Friday, April 09, 2010
Owing entirely to their policy of official segregation, the Daughters of the American Revolution refused permission for noted operatic soprano Marian Anderson to give a recital at Constitution Hall in the spring of 1939; even though Anderson's manager Sol Hurok had been trying to book his client into one of DC's premiere musical venues for three years - and been rebuffed every time - somehow this refusal seemed to incite a little more umbrage in people.
For one thing, First Lady Eleanor Roosevelt got wind of it, and resigned her membership forthwith - an entirely courageous move, especially in those days; in due time she would be joined by thousands of others - a major embarrassment for the organization, which had hitherto been a pillar of the establishment...
On this day in 1939 Marian Anderson sang instead at the Lincoln Memorial, at an open air concert planned by Secretary of the Interior Harold L. Ickes; Mrs. Roosevelt was there in the front row for this concert, though, along with 75,000 attendees in person and untold millions more on the radio. Anderson's recital ended with a rousing rendition of My Country, 'Tis of Thee. The concert not only had the intended benefit of highlighting the depth of American racism, it would have at least one unintended benefit as well, as it inspired the future good works of a certain 10-year old named Martin Luther King, Jr.
Proof of Anderson's classiness came when she later accepted the DAR's apology with the words 'You lose a lot of time hating people', and they finally invited her to perform - albeit for a whites-only audience - at a concert for war relief in 1942; although the District of Columbia abandoned its official policy of segregation following World War II the DAR would not follow suit until 1952.
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The main thing blogging has taught me is that the vast majority of people don't give as much as a gnat's dump about history. Thousands of words a week I publish, most of which comes and goes without being seen, let alone commented on - nothing! Longtime readers will recall that I used to be bitter about this, but I haven't been since I learned an even more important lesson...
What people really care about is sex. Which is why the mere mention of a porn star's name gives my traffic a noticeable bump***; not just major porn stars like our birthday gal Jenna Jameson here, either, but even obscure gay porn stars who died twenty years ago.
Jameson, of course, has proven to be one of the adult film industry's highest profile ambassadors as porn has made its inexorable trek from dirty little secret to the mainstream over the past couple of decades. Best known for her girl-on-girl work - which, like everything else I write about on here, I extensively researched - Jameson was also one of the first porn stars to embrace the Internet, which she did with her now-ex-husband Jay Grdina (better known by his nom de porn Justin Sterling).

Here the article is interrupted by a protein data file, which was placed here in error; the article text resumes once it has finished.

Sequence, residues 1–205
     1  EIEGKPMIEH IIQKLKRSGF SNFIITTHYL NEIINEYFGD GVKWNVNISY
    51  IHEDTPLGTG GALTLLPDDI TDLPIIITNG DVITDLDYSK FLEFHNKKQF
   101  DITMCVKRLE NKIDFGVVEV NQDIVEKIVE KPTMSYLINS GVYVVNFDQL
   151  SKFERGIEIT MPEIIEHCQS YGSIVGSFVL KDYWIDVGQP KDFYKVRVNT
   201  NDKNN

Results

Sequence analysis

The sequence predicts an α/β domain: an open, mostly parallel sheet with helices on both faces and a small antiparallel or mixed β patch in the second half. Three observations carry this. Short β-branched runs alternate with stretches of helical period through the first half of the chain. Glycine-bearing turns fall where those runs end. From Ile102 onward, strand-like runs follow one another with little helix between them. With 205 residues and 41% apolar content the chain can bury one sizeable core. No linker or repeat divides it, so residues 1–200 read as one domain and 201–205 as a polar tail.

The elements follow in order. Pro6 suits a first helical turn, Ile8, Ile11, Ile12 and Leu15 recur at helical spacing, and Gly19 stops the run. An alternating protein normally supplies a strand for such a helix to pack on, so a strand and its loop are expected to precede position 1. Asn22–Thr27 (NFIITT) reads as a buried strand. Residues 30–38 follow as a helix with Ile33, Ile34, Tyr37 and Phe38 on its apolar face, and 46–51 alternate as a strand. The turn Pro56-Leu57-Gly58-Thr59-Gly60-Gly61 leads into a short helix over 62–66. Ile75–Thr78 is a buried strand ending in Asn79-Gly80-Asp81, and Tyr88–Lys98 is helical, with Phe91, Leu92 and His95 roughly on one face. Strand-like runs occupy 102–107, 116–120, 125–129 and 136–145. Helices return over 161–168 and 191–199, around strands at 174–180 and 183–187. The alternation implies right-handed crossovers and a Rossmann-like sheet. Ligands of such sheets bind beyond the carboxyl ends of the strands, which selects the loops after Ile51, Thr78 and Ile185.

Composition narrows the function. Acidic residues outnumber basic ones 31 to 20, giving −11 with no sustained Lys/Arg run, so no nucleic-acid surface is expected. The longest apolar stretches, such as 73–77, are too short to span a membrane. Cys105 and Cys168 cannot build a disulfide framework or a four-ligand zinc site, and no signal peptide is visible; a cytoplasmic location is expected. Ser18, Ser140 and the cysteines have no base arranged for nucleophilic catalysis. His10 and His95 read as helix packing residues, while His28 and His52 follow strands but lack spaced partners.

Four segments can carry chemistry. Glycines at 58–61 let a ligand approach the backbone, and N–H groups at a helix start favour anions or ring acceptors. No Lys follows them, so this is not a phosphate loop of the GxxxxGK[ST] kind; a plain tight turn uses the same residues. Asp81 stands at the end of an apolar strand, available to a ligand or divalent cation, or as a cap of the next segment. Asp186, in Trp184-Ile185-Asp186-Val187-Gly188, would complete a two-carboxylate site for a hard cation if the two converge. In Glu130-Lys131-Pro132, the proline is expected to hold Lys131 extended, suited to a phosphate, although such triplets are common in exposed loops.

When Jameson really went mainstream, though, was upon the publication of her memoirs, How to Make Love Like a Porn Star: A Cautionary Tale in August 2004; that led to a hosting gig on Playboy TV's Jenna's American Sex Star in November 2005. For obvious reasons, she remains tabloid fodder to this day...
*Movies, books, television - crap like that...
**Thus this blog is not called the Entertainment Lens Institute, or some similar abomination.
***Heh heh heh...
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In honour of Tom Lehrer's birthday I watched half a dozen performances by the man himself in his hey-day in search of the ideal song of his to post here; it is just such tasks which make research my single favourite part of blogging... Well, that and being able to do it in your underwear.
I eventually chose The Masochism Tango because there was something in the lyrics which spoke to me; admittedly, it mostly spoke to the masochist part of me - and it didn't so much speak as taunt - but there you have it. The song originally appeared on Lehrer's establishment offending 1959 album An Evening Wasted with Tom Lehrer, alongside such fellow classics as Oedipus Rex, The Elements, and Poisoning Pigeons in the Park - although he'd been performing it for some years before that in his cabaret act.
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On this day in 2005 The Prince of Wales wed his longtime mistress Camilla Parker Bowles at a much smaller event in Windsor than accompanied his first marriage to Diana, Princess of Wales in July 1981.